She became concerned about my condition when I revealed to her that I had been diagnosed with Hepatitis B. Later that evening, we met again when I was returning from Wandegeya, loaded with avocado and fresh greens which I was to prepare for supper. She wondered how I would manage to do all the work, yet I had left the lecture room sick.

When I told her I had no option since there was no one to help me, she walked back to my hall with me and volunteered to prepare my food until my I got better.

Usually, lectures at the School of Education were filled to capacity and those who came in late hardly got seats. On that particular day, I sat infront front and reserved a seat for my friend.

When Felix approached me for the seat, I offered it, but told him that if the person I had reserved it for came, he would have to vacate. When the lectures began, I realised that he was not taking down notes. When I im­plored, he told me he was not well and I assured him I would lend him my notes.

Later in the day, he told me he had been diagnosed with Hepati­tis B. He gave me details of what medication he was expected to take. He told me that he was the newly-elected chairman of Living­stone Hall and I told him that I was a resident of Africa Hall.

In the subsequent days, he be­came so weak and it was apparent that he needed someone to help him. Strangely, I became so concerned about his sickness that I discussed it with my friends who knew him as a showy young man who was an argumentative braggart.

My friends and I accompanied him to the university sickbay where he was admitted for two weeks. During that time, I used a carbon paper to write duplicate notes for him. Interestingly, I had a friend who had a similar problem and she took a herb, Aloe Vera (Ekigajji). There was a botanical garden near Africa Hall, from where I picked Aloe Vera. I prepared it for him and in a few days, his condition improved and he was discharged.



Naively, I misinterpreted her gesture and concluded that perhaps she had a crush on me. But I was proved wrong when I tabled the subject of love. She told me she was just being courteous and threatened to walk out of my life, saying I was trying to cross the line. Her revelation shocked me.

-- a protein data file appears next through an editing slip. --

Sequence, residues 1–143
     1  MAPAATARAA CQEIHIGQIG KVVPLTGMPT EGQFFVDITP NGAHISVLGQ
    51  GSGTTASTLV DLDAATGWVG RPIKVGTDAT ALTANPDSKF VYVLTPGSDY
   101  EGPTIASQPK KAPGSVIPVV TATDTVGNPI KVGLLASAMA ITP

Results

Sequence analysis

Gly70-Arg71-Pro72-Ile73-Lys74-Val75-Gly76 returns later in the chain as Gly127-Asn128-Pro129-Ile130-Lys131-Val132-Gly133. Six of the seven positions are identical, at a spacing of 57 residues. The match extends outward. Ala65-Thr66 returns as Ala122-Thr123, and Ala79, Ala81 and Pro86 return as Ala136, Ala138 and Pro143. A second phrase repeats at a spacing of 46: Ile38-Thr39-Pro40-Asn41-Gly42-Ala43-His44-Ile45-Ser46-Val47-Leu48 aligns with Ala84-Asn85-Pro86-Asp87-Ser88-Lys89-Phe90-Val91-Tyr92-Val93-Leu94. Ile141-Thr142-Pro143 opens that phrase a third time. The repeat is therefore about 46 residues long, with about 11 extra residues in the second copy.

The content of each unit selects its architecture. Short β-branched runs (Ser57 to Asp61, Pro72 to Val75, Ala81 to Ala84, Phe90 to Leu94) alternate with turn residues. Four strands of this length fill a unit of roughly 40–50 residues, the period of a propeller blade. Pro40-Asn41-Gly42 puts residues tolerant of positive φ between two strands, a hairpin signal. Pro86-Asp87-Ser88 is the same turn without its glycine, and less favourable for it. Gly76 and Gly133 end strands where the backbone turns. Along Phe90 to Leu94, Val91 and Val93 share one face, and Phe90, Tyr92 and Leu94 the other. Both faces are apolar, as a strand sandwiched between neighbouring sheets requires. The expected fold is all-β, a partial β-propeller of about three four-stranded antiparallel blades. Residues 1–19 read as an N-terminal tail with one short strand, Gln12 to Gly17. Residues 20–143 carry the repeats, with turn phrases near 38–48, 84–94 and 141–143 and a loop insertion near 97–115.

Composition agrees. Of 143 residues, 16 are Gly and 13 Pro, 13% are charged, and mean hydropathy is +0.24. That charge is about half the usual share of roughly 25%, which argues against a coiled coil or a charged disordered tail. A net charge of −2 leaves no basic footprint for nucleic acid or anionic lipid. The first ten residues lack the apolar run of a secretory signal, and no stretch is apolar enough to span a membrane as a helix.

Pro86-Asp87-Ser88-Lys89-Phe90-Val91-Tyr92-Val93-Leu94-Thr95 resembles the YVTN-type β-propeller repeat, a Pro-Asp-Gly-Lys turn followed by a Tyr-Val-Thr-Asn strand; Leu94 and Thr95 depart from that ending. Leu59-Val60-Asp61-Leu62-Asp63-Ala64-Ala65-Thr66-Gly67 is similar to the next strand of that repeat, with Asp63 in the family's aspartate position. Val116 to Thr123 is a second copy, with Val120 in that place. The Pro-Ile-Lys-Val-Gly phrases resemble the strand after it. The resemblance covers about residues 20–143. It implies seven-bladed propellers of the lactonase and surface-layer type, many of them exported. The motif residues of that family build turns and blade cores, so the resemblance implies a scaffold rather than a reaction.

She said she was a Born-again Christian who had maintained her sexual purity for her husband. Despite that, we remained good friends. Gradually, our friendship ad­vanced into intimacy. It was in August 1988 when she agreed to marry me.

The moment he was off his sick bed, he revealed his interest in me. I told him that I was not interested in relationships. I assured him that whatever I did for him was a gesture of Christian love.

He, however, assured me that he would wait for me to make up my mind. As that happened, some guys in our church who were interested in me started spreading gossip that I was in love with a non-believer who was likely to corrupt my spiritual integrity.

Some started isolating me, while oth­ers completely distanced themselves from me. During that time, Felix shared his aspiration, which almost shat­tered everything.



It was during that time that I shared my childhood dream of joining the army. She was not amused, but I explained to her that it was my dream. One day, she came to my room and found a military uniform. I told her that, one day, she would wash my uniform. She explained that her parents had a phobia for the military. In spite of that, she saw a potential husband in me and her heart was inclining towards my proposals.